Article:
In this issue of Blood, Dong et al present a unique detailed view of human regulatory T-cell (Treg) diversity in homeostatic and pathological states after allogeneic hematopoietic stem cell transplantation (alloHSCT).1
AlloHSCT provides curative graft-versus-tumor potential for patients with hematologic malignancies. However, donor effector immune responses to allogeneic (donor/recipient polymorphic) and autologous (donor/recipient nonpolymorphic) antigens also underlie acute and chronic graft-versus-host disease (GVHD), the major toxicities of this therapeutic approach.
CD4+CD25+Foxp3+ regulatory T lymphocytes comprise ∼5% to 10% of circulating CD4+ T cells and migrate to inflammatory sites to control innate and adaptive immune responses, especially those due to effector lymphocytes of helper T (Th) subsets: Th1, Th2, Th17, and follicular Th cells (reviewed by Ohkura et al2 ). Tregs play a critical role in the prevention of autoimmunity and several studies have suggested that Tregs also play a central role in the establishment and maintenance of immune tolerance after alloHSCT. Specifically, several studies have found that levels of circulating CD4+CD25+Foxp3+ Tregs are inversely correlated with acute or chronic GVHD.3-6 In acute GVHD, Tregs were found to express lower levels of granzyme A and chemokine receptors (eg, CCR5, CXCR3), suggesting that Treg-suppressive function and target tissue homing may also be impaired.7 In chronic GVHD, impaired thymic generation of naive Tregs (CD45RA+) and increased apoptosis sensitivity of proliferating memory/effector Tregs (CD45RA−) selectively alter Treg homeostasis and contribute to the inability to maintain adequate numbers of Tregs relative to conventional effector CD4+T cells (Tcons).8,9
Using new methods to assess gene expression in single cells, Dong et al now present a close-up view of Tregs in human thymus, umbilical cord blood, normal adult blood, and during early reconstitution post-HSCT.1 Characterizing CD4+CD25+ Tregs as naive (CD45RA+HLADR−), activated (CD45RA−HLADR+), and memory (CD45RA−HLADR−) subpopulations, they define a “Treg core” gene expression signature that not only distinguishes CD4+ Tregs from CD4+ Tcons but also differentiates each Treg subset. Single cells within each Treg subpopulation show remarkable stability of Foxp3+ expression and lack of IL-2 expression, and also exhibit considerable heterogeneity in expression of various transcription factors, signaling molecules, and homing receptors. At the single-cell level, expression of interferon-γ or interleukin-17A (IL-17A) was very infrequent, suggesting little overlap with Th1 or Th17 lineages. In patients with acute GVHD, overall Treg frequencies and “Treg core” signature appeared to be preserved but there was a marked decrease in the naive Treg subpopulation with preservation of the activated Treg pool. However, residual activated Tregs retained suppressive capacity in in vitro assays.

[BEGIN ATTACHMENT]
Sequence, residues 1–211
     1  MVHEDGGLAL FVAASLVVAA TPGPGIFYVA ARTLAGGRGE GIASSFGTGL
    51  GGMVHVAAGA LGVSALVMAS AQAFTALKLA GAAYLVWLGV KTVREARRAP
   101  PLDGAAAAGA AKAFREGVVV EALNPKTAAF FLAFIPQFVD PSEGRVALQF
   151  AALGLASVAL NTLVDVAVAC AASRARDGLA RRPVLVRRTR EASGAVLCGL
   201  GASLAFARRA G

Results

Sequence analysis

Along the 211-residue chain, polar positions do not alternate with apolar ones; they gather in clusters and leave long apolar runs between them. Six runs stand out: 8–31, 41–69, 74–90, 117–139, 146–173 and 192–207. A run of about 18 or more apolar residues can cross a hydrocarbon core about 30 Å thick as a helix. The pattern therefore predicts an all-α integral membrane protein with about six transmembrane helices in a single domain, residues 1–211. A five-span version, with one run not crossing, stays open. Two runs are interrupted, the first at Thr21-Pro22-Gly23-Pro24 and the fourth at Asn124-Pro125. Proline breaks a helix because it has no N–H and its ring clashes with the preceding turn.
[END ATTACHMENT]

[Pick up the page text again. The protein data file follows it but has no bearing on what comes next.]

What are some of the implications? Diversity is a hallmark of the adaptive immune system. The heterogeneity described within circulating Treg subpopulations is reminiscent of that seen in CD4+ Tcons. While this report likely identifies only a fraction of the overall diversity in vivo that also includes T-cell receptor diversity, activation state, cytokine milieu, and target organ homing, etc, even this limited view is indicative of the extensive complexity and diversity of immune regulators that appear to match the diversity of immune effectors. Furthermore, the timing of naive Treg deficiency, that may precede acute GVHD, suggests that impairment of Treg thymic neogenesis is an early event. This is not entirely unexpected because the thymus has been shown to be an acute GVHD target organ, resulting in a decline in T-cell receptor excision circle (TREC+) T cells and an oligoclonal T-cell repertoire that is observed even in grade 1 acute GVHD.
There may also be therapeutic implications. The observed stability of Treg Foxp3+ expression and limited capacity for Th1 and Th17 cytokine secretion are potentially reassuring when considering adoptive Treg therapy, given the proinflammatory milieu in GVHD and its potential for inducing Treg lineage conversion to effector Tcons. However, adoptive Treg survival, activity, and lineage stability in the inflamed host receiving immunosuppressive agents for GVHD remain to be determined in the clinic. Additionally, low-dose IL-2 can induce clinical responses, augment Tregs in vivo, and restore Treg homeostasis in chronic GVHD due to enhancement of Treg thymic neogenesis, proliferation, survival, and function.9,10 A similar impact on acute GVHD may be possible and should be considered. More speculatively, a combination of adoptive Treg infusion plus low-dose IL-2 may offer synergy in GVHD control. Treg-based GVHD therapies may also offer therapeutic potential in other disorders of impaired peripheral tolerance (eg, autoimmunity, solid organ transplantation). More Treg close-ups posttransplantation are in order.
Conflict-of-interest disclosure: J.K. received research funding from Otsuka, Millennium, and Prometheus Laboratories, provided consulting services to Takeda and Eleven Biotherapeutics, was on the advisory boards for Millennium and Spectrum Pharmaceuticals, and received honoraria from OptumHealth. The remaining author declares no competing financial interests.